Projects—developing a new product or service, an internal systems upgrade, an improved process, and so on—are all about preparing for the future. After all, your organization approved the work in the first place to provide anticipated value to the customer or organization. But as we know, the world doesn’t stand still while you work on that project. So how, and with what tools, can project teams and leaders take a change management approach to project planning?


The Future Will Be Different Than You Think!

During the lifecycle of a project, the world continues to evolve and change, resulting in different organizational priorities, customer expectations, technological capabilities, and the rest. So, there is a very good chance that the project you approved isn’t going to deliver the best possible solution when finished. It’s much more likely to deliver the perfect product, service, process, or application for the world that used to exist. 

Harvard Business Review reports that 44% of projects fail due to a lack of alignment between business and project goals. Those projects don’t start misaligned; at least in most cases, they become misaligned as a result of a failure to adapt and adjust to changing circumstances. To prevent that from happening, organizations must not only anticipate the need for change, they must build change into their project processes. Let’s dive in.


Defining Your Change Management Approach

In order for today’s projects to anticipate change, teams must start with the fundamentals. This means they can no longer view projects as vehicles to deliver a predefined solution. Rather, they must view them as as vehicles to enable an achievable business outcome. Take a new product, for example. If we define that product in terms of features and performance there is a chance that it will not be competitive by the time it launches. But if we define it in terms of customer appeal, the market share it can obtain, the price it can command, and so on, we can better ensure success.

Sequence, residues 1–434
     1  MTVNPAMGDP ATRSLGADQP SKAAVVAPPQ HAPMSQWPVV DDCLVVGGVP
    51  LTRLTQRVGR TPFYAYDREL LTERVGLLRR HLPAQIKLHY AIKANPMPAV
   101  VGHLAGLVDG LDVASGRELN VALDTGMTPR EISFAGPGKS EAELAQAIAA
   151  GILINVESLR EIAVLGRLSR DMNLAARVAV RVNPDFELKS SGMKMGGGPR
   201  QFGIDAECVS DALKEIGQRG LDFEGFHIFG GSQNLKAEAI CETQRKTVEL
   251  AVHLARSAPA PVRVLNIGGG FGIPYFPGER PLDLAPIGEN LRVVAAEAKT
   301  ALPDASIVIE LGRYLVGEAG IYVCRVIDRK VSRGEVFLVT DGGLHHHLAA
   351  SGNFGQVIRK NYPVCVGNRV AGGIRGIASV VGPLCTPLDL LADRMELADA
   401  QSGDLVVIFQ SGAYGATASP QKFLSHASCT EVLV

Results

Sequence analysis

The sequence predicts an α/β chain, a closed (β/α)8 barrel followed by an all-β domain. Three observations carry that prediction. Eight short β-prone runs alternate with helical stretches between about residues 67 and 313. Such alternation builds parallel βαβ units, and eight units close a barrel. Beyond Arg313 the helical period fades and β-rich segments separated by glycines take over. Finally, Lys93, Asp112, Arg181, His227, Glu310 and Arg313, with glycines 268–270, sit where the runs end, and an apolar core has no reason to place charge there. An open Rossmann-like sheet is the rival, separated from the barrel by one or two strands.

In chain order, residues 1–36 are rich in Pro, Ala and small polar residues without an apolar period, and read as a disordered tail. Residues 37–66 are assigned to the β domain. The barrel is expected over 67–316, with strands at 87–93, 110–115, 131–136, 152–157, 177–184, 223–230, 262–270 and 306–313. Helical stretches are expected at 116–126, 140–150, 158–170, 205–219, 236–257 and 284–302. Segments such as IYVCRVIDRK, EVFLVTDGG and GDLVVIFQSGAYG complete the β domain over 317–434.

The implication of this approach is that change is likely inevitable during delivery. As the market evolves, as the team learns more about what is possible, and as they receive feedback on early prototypes, a reprioritization becomes necessary for:

  • capabilities
  • performance standards
  • release dates

These and any other number of adjustments ensure that the ultimate release has the best chance of succeeding. 

Those adjustments will be determined through collaboration among team members and with stakeholders, driven by the people doing the work who are in the best position to know how to adjust the solution to deliver the required benefits. But this approach only works when there is:

  • visibility and clarity over what is happening
  • effectiveness and efficiency in making changes
  • confidence in the end decisions

That’s where the right change management tool comes in.


A Tool for Your Change Management Approach 

To ensure that the work being done remains aligned with the needs of the business, organizations need effective project portfolio management (PPM) solutions such as Sciforma’s. This provides visibility into strategic priorities, the investments (projects) executing on those priorities, and the health of those investments. 

With regular reviews and adjustments to strategic plans, and the communications of those changes, teams are able to:

  • quickly identify when changes are needed
  • collaborate on the most appropriate changes
  • implement with minimal disruption

Business leaders, too, are able to validate that those changes serve to maintain or improve alignment. And finally, stakeholders can confirm that the solution best meets customer and user needs. 

However, there is more to change management than just this, and in this blog we’ll explore those additional considerations. In the meantime, learn more about how Sciforma can help you deliver solutions that drive performance by exploring our case studies


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Andy Jordan

Andy Jordan is President of Roffensian Consulting S.A., a Roatan, Honduras based management consulting firm with a strong emphasis on organizational transformation, portfolio management, and PMOs. Andy is an in-demand keynote speaker and author who delivers thought provoking content in an engaging and entertaining style. He is also an instructor in project management-related disciplines, including PMO and portfolio management courses on LinkedIn Learning.